Donald’s Journey Part 1

Donald Sage was born in the Manse, half way up the Strath of Kildonan, in 1789.  When he was twelve he and his older brother Aeneas were sent to Dornoch to go to the grammar school there.  (Aeneas was the Anglicised form of Angus).  In middle age Donald reminisced about his life in a book with the rather off-putting title of Memorabilia Domestica.  A few weeks ago I blogged about his description of Dornoch’s market day and of a funeral which turned into a fight.  Over the next wee while I am going to post about more of his schoolboy experiences in the town, which really bring to life what Dornoch was like over two hundred years ago.  His journey to the town, being only his second trip away from home, made quite an impression him and gives wonderful glimpses into the places between Kildonan and Dornoch.  This is the first post about his journey.  He recalled that

“My brother impresses himself strongly on my reminiscences of this particular period of my life. I was warmly attached to him. Our fishing expeditions together on the burn to its very source, and along the bank of the river, and on one occasion to Loch Ascaig; our excursions … for blae-berries and cloud-berries, all now recall to my remembrance my brother’s … affection. It was about the beginning of November, 1801, I think, that we went together to the school at Dornoch.”

Until then Donald and Aeneas had been educated at the parish school and by their father.  They had learned the basics and had moved on to Latin.  Early in 1801 social unrest in Kildonan required the Sheriff to come north and he lodged with the minister’s family.  He tested the boys in their Latin and

“He was much pleased with my answers, and said that, if my father would send my brother and me to school at Dornoch, he would keep us for three months in his own house. He repeated the same thing to my father next day at parting, assuring him that the parochial teacher at Dornoch was resorted to as a teacher of ability and success. The proposal was entertained, and preparations were made for us to go thither in the beginning of November.

Image

Kildonan Manse.  Picture by kind premission of Timespan Heritage Centre and SCRAN.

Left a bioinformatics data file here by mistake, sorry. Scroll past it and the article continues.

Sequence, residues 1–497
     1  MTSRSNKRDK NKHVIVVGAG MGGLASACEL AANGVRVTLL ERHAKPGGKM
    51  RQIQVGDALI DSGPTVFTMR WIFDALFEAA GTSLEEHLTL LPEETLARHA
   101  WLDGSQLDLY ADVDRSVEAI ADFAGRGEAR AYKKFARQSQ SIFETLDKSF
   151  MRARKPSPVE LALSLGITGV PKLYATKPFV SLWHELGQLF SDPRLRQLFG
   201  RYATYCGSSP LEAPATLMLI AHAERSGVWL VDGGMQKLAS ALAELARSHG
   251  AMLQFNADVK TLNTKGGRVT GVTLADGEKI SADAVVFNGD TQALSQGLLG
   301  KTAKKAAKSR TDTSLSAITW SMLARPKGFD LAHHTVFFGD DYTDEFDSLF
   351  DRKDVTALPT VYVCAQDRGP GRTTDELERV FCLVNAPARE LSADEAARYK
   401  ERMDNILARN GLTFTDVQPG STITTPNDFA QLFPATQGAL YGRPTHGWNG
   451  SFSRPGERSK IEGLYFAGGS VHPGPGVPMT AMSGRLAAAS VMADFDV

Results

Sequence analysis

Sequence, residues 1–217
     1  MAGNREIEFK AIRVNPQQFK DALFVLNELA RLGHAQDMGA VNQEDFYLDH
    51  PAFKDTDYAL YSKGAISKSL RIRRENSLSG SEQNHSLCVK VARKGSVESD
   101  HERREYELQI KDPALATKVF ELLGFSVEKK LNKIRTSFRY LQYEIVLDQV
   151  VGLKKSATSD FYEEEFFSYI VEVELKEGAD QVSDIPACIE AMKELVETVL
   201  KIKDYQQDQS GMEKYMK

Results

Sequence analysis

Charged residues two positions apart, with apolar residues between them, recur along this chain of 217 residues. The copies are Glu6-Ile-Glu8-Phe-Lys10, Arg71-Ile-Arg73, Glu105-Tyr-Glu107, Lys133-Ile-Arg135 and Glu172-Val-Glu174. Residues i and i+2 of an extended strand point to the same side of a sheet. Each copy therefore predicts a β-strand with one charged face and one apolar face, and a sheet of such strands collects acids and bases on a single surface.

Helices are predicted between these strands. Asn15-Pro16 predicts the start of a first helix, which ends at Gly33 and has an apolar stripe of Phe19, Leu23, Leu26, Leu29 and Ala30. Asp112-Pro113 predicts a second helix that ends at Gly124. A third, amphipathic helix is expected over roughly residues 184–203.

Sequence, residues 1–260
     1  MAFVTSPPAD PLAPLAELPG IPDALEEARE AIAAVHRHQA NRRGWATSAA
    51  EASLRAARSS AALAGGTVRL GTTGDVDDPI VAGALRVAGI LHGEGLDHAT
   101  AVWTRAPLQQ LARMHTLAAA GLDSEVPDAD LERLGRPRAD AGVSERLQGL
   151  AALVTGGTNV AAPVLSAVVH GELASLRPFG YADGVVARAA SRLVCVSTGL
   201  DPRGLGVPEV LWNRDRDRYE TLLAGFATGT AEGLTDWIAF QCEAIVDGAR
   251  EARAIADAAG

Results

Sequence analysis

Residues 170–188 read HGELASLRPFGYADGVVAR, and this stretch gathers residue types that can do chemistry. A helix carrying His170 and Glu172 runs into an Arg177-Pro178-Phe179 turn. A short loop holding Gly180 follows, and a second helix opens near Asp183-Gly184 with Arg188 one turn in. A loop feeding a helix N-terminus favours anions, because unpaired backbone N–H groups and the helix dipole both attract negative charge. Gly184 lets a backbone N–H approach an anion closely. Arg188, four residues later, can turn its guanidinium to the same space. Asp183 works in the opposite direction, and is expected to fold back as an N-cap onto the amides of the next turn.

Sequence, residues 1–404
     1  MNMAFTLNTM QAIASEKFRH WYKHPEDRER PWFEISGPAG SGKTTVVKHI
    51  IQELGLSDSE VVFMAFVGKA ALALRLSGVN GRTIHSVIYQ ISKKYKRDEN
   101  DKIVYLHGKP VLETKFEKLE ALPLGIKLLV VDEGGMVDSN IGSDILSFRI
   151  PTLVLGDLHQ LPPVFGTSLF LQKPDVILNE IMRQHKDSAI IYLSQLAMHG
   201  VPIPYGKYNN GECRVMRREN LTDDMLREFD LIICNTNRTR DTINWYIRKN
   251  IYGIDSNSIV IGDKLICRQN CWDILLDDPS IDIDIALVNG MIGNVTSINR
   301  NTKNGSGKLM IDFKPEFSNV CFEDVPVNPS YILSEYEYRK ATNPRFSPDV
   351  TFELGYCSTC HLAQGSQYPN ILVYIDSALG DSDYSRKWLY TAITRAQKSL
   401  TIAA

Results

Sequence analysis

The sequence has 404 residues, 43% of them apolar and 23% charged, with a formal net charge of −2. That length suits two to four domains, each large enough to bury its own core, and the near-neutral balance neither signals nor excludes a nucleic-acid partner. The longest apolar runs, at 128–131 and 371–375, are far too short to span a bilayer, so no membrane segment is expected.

“The morning of the day of our departure from under the paternal roof, to attend a public school, at last dawned upon us. My brother and I had slept but little that night. After breakfasting by candlelight, we found our modes of conveyance ready for us at the entry-door. My father mounted his good black horse Toby, a purchase he had lately made from Captain Sackville Sutherland of Uppat, while my brother and I were lifted to the backs of two garrons employed as work-horses on the farm. We set forward, and both my sisters accompanied us to the ford on the burn, close by the churchyard, whence, after a few tears shed at the prospect of our first separation, we proceeded on our journey accompanied by a man on foot. We crossed the Crask, and stopped for refreshment at an inn below Kintradwell, in the parish of Loth, called Wilk-house, which stood close by the shore. This Highland hostelry, with its host Robert Gordon and his bustling, talkative wife, were closely associated with my early years, comprehending those of my attendance at school and college. The parlour, the general rendezvous for all comers of every sort and size, had two windows, one in front and another in the gable, and the floor of the room had, according to the prevailing code of cleanliness, about half an inch of sand upon it in lieu of carpeting.

As we alighted before the door we were received by Robert Wilkhouse, or “Rob tighe na faochaig,” as he was usually called, with many bows indicative of welcome, whilst his bustling helpmeet repeated the same protestations of welcome on our crossing the threshold. We dined heartily on cold meat, eggs, new cheese, and milk. Tam, our attendant, was not forgotten; his pedestrian exercise had given him a keen appetite, and it was abundantly satisfied.”

And so the boys set out on their journey with their father and with a servant, Tam.  Rather than take the road through the Strath that we would drive along today, it seems that they crossed the River Helmsdale and walked through Glen Loth.  They joined the coast at the inn and, after eating their substantial meal in the sand-floored room, they continued south, following the route that the A9 takes today.

Donald Sage, Memorabilia Domestica or Parish Life in the North of Scotland [freely available online at archive.org if you want to read more]

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